x Abu Dhabi, UAESunday 23 July 2017

Superconductivity may help renewable energy

Superconductivity could help boost the world's renewable energy.

The UAE's commitment to renewable energy last week won a major accolade, with the announcement that Abu Dhabi is to be the permanent home of the International Renewable Energy Agency (Irena).

To many outside the region, the UAE's enthusiasm for renewable energy comes as a major surprise. Why would one of the world's biggest oil producers, with plentiful reserves of the natural resource, be bothering with the likes of wind farms? Those familiar with the UAE's view of the future have no trouble understanding the motivation. It is simply doing what all prudent nations should be doing: planning for the long-term prosperity of its people.

Seen in that light, the biggest surprise about last week's announcement was that it has taken so long for the world to set up an organisation like Irena. Certainly it is long overdue; its nuclear counterpart, the International Atomic Energy Agency (IAEA), was set up in 1957 when there were only a handful of nuclear power stations in operation. Today, renewables represent around a quarter of all the world's sources of power and provide almost a fifth of global electricity supply.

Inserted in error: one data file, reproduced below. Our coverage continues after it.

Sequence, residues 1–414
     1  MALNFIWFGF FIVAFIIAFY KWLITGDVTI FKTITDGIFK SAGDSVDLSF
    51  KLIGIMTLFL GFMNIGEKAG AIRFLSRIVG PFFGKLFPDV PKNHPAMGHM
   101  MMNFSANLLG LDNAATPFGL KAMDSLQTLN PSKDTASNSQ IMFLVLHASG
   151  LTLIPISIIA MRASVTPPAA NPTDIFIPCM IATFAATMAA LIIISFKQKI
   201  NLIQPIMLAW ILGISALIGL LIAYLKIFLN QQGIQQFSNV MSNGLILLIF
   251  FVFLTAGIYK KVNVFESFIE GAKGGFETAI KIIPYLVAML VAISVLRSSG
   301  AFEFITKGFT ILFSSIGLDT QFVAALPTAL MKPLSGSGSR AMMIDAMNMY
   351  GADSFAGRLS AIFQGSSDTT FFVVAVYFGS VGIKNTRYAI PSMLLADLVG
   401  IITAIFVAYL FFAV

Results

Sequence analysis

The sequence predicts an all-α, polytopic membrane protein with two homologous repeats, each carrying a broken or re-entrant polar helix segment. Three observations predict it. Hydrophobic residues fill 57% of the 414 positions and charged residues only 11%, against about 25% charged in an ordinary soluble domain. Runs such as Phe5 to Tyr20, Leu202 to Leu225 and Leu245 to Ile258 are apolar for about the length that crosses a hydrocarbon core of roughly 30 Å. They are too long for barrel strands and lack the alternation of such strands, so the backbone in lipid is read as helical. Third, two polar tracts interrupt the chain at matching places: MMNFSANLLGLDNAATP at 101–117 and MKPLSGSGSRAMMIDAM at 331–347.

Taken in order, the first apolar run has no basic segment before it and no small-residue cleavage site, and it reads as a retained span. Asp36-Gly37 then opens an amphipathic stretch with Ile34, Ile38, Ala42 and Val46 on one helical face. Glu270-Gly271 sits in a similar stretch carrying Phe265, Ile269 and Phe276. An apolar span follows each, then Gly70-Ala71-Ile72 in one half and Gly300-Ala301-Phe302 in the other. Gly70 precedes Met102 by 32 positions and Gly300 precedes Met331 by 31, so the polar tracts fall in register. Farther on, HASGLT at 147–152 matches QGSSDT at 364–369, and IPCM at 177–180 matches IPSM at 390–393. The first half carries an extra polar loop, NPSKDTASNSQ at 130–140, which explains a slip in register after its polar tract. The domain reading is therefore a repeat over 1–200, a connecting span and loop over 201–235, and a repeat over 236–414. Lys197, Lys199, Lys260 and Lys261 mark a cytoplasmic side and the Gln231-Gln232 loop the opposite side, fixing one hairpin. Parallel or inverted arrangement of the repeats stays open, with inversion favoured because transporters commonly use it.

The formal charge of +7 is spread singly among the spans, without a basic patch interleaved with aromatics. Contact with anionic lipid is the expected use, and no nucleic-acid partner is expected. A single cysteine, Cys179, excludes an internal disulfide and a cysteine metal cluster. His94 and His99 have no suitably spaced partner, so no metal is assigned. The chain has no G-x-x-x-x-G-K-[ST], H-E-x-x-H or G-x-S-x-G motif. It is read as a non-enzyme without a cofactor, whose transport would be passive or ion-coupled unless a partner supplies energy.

Despite this, there is still a pervading sense that renewables are a risky basket into which to put the world's energy eggs: fickle, uneconomic and laden with unintended consequences. It's hard to escape the suspicion that there is something missing from the renewable energy equation - a key technology that could transform its status. And some believe they know what it is, a phenomenon that was discovered exactly a century ago this month: superconductivity.

In April 1911, Heike Kamerlingh Onnes of the University of Leiden in the Netherlands was carrying out seemingly esoteric experiments into the effect of ultra-cold temperatures on metals. He was following up suggestions by theorists that something odd might happen to the ability of such metals to conduct electricity if they were chilled to temperatures close to absolute zero, minus 273 degrees Celsius. Most thought the conductivity would plunge to that of materials like rubber. They could not have been more mistaken. As Onnes chilled the metal mercury with ultra-cold liquid helium, he found that its electrical conductivity suddenly soared to levels so high they could not be measured.